Landlords Could Become Mortgage Prisoners Under New Buy-to-Let Rules
By |Published On: 10th May 2016|

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Landlords Could Become Mortgage Prisoners Under New Buy-to-Let Rules

By |Published On: 10th May 2016|

This article is an external press release originally published on the Landlord News website, which has now been migrated to the Just Landlords blog.

A warning has been issued regarding the types of mortgages still being offered to landlords, which risk them becoming prisoners in the future under new buy-to-let rules.

The Commercial Director at Foundation Home Loans, Simon Bayley, reports that some buy-to-let mortgage lenders are continuing to offer pay rate products on fixed rate loans or lifetime trackers, which may end up creating “the next affordability bubble”.

Landlords Could Become Mortgage Prisoners Under New Buy-to-Let Rules

Landlords Could Become Mortgage Prisoners Under New Buy-to-Let Rules

He says: “Brokers must appreciate the potential consequences of recommending a pay rate buy-to-let mortgage product today to landlord clients in light of the expected changes from the Prudential Regulation Authority [PRA].”

In March, the PRA – part of the Bank of England (BoE) – proposed further action in the buy-to-let sector “to ensure underwriting standards did not slip” and to avoid lending getting out of control.

The PRA believes that without stricter lending criteria, lenders can expect a gross increase of 20% in buy-to-let borrowing over the next two to three years.

Some lenders have already begun updating their criteria, most recently the UK’s biggest building society, Nationwide.

The PRA urges lenders to take into account how much cash borrowers have to cover their interest payments in a worst-case scenario of interest rates rising to 5.5% for five years. The authority believes that this should ultimately reduce buy-to-let approvals by between 10-20% by 2019.

Now, Bayley warns that lifetime trackers or shorter term fixed rate products on a pay rate basis can still be proposed to maximise the loan amount or to fit on affordability.

“However, when landlords come to refinancing, they will have to fulfil the PRA criteria of a minimum stress rate of 5.5%, not taking into account any future interest rate increases, which could leave them as mortgage prisoners and unable to refinance away from their current lender,” he says.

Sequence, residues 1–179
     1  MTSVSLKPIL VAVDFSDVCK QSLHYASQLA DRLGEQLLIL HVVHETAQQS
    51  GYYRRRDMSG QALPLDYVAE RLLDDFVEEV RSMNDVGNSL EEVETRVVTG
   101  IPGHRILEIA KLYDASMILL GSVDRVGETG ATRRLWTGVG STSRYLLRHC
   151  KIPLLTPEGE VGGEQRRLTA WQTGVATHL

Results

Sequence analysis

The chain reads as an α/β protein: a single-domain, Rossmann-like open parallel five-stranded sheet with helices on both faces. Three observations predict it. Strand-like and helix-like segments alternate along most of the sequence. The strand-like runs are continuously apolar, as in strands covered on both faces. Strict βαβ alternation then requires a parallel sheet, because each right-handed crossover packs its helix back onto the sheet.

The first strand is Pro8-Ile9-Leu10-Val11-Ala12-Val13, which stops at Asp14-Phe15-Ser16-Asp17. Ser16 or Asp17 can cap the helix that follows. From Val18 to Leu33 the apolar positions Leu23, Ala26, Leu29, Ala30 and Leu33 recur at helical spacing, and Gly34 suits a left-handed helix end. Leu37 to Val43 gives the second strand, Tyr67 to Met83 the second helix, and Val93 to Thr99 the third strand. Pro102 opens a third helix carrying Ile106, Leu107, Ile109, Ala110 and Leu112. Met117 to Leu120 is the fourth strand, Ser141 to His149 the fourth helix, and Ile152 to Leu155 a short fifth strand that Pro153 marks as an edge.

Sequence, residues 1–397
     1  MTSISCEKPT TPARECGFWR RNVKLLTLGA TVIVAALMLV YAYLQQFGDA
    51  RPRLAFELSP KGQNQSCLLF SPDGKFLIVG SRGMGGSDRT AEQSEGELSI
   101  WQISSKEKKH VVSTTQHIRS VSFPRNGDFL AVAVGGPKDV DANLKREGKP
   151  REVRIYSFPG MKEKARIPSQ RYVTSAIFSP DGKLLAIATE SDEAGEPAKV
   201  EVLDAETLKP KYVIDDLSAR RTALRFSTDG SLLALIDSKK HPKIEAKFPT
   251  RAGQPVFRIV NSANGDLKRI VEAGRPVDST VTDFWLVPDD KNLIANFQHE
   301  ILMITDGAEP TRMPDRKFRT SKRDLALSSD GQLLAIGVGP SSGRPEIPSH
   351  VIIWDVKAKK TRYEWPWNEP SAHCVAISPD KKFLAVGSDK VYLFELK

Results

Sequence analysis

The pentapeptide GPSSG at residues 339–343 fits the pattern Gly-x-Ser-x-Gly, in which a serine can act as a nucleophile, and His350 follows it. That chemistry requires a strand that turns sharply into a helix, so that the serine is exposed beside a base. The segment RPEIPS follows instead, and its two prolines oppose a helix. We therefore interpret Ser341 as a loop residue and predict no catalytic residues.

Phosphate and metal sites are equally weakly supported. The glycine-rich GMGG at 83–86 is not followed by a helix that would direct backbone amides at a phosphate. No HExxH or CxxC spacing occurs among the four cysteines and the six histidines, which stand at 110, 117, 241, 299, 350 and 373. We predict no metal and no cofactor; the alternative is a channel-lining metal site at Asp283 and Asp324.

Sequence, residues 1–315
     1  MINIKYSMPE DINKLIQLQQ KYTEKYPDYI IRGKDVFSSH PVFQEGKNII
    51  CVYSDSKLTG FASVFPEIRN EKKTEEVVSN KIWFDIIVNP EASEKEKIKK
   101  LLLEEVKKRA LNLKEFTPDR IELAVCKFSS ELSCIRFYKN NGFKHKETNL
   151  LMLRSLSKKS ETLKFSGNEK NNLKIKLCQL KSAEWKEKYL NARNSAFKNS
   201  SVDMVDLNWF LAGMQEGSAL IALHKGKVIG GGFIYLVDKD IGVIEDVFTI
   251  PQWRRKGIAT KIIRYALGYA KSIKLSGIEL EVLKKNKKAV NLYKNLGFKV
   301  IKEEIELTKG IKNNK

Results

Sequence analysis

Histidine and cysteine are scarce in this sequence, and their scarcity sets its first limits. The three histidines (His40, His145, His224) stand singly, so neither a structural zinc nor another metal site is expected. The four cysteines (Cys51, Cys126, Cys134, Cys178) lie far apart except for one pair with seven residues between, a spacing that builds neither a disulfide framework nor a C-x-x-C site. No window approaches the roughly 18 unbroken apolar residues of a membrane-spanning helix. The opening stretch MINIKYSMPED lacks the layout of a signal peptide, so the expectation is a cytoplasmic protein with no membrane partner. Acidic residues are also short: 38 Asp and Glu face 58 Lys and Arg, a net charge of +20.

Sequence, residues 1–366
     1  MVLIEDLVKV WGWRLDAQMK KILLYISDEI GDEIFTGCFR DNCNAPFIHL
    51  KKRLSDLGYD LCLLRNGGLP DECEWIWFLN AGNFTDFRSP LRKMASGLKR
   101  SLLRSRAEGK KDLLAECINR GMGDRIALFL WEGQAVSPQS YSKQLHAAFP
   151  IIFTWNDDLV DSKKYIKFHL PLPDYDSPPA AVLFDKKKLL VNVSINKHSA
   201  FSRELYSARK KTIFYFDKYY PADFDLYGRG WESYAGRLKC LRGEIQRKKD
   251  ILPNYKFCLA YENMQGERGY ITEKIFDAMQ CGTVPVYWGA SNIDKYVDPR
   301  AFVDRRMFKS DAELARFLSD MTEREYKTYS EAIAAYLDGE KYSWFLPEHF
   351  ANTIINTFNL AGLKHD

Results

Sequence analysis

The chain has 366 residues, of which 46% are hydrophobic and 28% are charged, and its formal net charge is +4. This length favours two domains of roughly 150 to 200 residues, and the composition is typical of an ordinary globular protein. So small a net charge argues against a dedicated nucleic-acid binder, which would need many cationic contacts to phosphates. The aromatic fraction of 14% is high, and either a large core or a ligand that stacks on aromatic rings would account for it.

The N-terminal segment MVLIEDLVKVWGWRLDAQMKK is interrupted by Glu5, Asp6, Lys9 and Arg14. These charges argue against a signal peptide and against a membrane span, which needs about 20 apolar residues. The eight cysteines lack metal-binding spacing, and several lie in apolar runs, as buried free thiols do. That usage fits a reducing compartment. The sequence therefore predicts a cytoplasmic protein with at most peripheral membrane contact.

“On the face of it, recommending a pay rate mortgage makes sense to landlords who want to maximise the amount they are able to borrow, because lenders can still use the pay rate in the calculation.”

Although he warns: “However, when we go forward in time and landlords wish to refinance, they will find that instead of using pay rate, they must now face a stress test at a minimum of 5.5%, which could very well make any chance of refinancing impossible.”

Over the summer, the BoE is expected to approve the PRA’s proposals, at which point, Bayley insists: “Advisers will need to ensure that they have discussed the implication of pay rate mortgages with their clients. Making sure they are fully aware of how pay rate mortgages might be attractive at outset because of the uplift they provide, but how they could leave the landlord stranded further down the line, will be vital in terms of offering the right advice.”

We will continue to provide updates on changes to buy-to-let mortgage lending criteria.

About the Author: Em Morley (she/they)

Em is the Content Marketing Manager for Just Landlords, with over five years of experience writing for insurance and property websites. Together with the knowledge and expertise of the Just Landlords underwriting team, Em aims to provide those in the property industry with helpful resources. When she’s not at her computer researching and writing property and insurance guides, you’ll find her exploring the British countryside, searching for geocaches.

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